The Building Blocks of Value: Redundant Assets
In Part 3 of our series on the building blocks of value, we take a closer look at redundant assets and why it is important to differentiate between a corporation’s redundant assets and other types of assets when determining the value of the operations of your business.
(Originally Posted June 9, 2020)
In a previous Davis Martindale blog (Valuation Components – Introduction to the Building Blocks of Value), we introduced the three types of assets that comprise the value of a corporation:
- Tangible Assets – the physical assets used in day-to-day operations;
- Redundant Assets – physical assets that are not required for day-to-day operations (non-operating assets); and
- Goodwill and Intangibles – non-physical assets that add value to your business, over and above the physical assets.
Redundant Assets – What Are They?
As referenced above, redundant assets are assets that are not integral to the operation of a business; however, they are still held within the corporation. As redundant assets are not required to operate a business, they may initially be excluded by a valuator when determining the value of business operations. Redundant assets are then added to the value of business operations when determining the value of the shares. As such, it is important to differentiate between a corporation’s redundant assets, and other types of assets in order to determine the value of business operations separately from the value of a corporation.
Examples of redundant assets range from liquid balance sheet items, such as excess cash and investments, to physical assets, such as a boat. If the assets in question were not used as a part of ongoing operations of the business, they would likely be considered redundant. For example, a boat may be considered redundant to the operations of the business, unless the business operates in industries such as commercial fishing, tourism, or other marine industries.
Redundant Liabilities – What Are They?
Redundant liabilities are Balance Sheet items which detract from the value of a corporation, above and beyond regular operating-type loans. If, in the example above, a loan was taken to purchase the redundant boat, then that loan would be considered a redundant liability.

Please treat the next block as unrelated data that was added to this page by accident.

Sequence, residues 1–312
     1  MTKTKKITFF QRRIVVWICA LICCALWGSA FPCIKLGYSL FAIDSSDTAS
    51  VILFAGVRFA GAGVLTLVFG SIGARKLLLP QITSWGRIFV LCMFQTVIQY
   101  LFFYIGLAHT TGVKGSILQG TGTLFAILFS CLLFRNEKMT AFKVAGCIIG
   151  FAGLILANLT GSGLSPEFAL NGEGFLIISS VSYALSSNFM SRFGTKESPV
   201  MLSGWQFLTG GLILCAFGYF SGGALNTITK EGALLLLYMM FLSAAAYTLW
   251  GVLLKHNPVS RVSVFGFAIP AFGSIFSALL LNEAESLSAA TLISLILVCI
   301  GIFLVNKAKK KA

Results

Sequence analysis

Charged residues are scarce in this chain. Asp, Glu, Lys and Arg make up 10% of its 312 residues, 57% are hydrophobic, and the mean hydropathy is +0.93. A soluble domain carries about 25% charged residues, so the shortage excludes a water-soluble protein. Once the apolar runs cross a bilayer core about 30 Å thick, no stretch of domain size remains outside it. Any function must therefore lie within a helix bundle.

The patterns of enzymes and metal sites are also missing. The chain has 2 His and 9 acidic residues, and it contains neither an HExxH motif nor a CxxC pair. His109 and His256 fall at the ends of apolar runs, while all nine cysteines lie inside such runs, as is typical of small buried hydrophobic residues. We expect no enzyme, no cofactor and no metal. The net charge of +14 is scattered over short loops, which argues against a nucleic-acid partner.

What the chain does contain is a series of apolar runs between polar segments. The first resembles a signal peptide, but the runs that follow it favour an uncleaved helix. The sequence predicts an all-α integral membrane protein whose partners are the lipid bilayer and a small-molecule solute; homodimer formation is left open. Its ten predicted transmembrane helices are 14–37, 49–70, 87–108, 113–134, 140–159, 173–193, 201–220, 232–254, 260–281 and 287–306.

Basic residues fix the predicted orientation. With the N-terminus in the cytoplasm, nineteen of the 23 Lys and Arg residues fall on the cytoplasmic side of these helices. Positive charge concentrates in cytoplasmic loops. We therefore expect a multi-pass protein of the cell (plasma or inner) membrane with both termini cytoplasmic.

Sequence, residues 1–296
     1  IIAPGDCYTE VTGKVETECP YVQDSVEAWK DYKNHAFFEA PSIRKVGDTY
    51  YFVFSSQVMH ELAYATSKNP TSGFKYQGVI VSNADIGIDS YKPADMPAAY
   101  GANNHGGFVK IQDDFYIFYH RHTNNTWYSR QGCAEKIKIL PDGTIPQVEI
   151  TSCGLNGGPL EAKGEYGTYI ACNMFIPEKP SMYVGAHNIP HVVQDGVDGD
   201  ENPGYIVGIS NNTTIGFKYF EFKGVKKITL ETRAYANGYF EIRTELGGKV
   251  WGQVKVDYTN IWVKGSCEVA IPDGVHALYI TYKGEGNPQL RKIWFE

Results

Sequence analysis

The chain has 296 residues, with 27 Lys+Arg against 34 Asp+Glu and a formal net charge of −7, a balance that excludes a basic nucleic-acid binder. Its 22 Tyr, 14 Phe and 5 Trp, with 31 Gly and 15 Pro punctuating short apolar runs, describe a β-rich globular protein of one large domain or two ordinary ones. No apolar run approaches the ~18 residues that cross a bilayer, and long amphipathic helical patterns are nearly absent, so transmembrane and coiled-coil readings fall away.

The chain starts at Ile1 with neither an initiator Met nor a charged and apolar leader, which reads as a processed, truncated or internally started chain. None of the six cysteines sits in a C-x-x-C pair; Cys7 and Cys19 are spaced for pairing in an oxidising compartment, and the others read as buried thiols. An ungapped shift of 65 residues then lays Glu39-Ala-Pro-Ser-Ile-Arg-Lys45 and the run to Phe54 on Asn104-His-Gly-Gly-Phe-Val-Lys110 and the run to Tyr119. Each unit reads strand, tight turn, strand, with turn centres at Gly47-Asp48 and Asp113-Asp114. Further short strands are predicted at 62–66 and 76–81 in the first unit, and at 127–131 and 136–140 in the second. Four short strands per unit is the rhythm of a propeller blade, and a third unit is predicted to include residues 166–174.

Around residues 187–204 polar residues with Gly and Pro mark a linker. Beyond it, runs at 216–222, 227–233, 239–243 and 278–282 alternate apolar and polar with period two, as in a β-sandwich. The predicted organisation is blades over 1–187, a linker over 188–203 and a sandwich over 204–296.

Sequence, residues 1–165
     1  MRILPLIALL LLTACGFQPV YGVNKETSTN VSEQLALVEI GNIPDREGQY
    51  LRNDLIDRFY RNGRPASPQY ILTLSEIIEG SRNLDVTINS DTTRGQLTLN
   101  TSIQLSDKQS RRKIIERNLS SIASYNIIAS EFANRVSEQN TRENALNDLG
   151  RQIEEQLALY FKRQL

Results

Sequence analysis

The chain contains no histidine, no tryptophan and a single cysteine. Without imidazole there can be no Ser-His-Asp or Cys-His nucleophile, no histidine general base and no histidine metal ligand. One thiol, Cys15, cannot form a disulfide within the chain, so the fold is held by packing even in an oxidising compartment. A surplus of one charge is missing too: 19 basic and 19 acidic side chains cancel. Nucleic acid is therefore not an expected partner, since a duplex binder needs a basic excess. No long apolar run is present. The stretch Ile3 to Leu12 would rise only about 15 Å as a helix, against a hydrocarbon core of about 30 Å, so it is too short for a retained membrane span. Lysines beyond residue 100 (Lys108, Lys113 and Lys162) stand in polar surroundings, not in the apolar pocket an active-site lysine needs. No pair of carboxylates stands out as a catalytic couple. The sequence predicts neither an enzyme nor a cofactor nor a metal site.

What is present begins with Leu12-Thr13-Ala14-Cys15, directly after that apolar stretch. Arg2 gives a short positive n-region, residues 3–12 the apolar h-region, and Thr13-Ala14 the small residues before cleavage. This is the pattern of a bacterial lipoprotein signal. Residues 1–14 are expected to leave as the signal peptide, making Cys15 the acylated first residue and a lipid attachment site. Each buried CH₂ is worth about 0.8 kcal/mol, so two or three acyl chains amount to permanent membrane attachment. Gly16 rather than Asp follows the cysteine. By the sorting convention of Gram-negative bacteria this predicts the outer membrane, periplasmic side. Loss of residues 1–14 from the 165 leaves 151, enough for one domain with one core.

A Simple Example
To illustrate the difference between a tangible asset and a redundant asset, consider again the ownership of a boat in two scenarios: a successful construction business which owns a boat used primarily by the corporation’s shareholder to visit their cottage, and another corporation which operates a boat tour business in cottage country.
In our first example, the construction corporation owner has decided to purchase a boat through the corporation for personal use. This boat is not required for business operations and, as such, is considered a redundant asset of the corporation. The value of the boat is added in addition to the value of the business operations.
In the second example, the tour company may own multiple vessels, all of which are used to provide tours to clients. Without the boats, the tour company cannot offer its services without fundamentally changing its operations. In this scenario, a boat is not a redundant asset, and is included within the value of the business operations.
If you need help navigating the complicated areas of business valuation, the experts at Davis Martindale can help you. Give us a call today for a personalized discussion.
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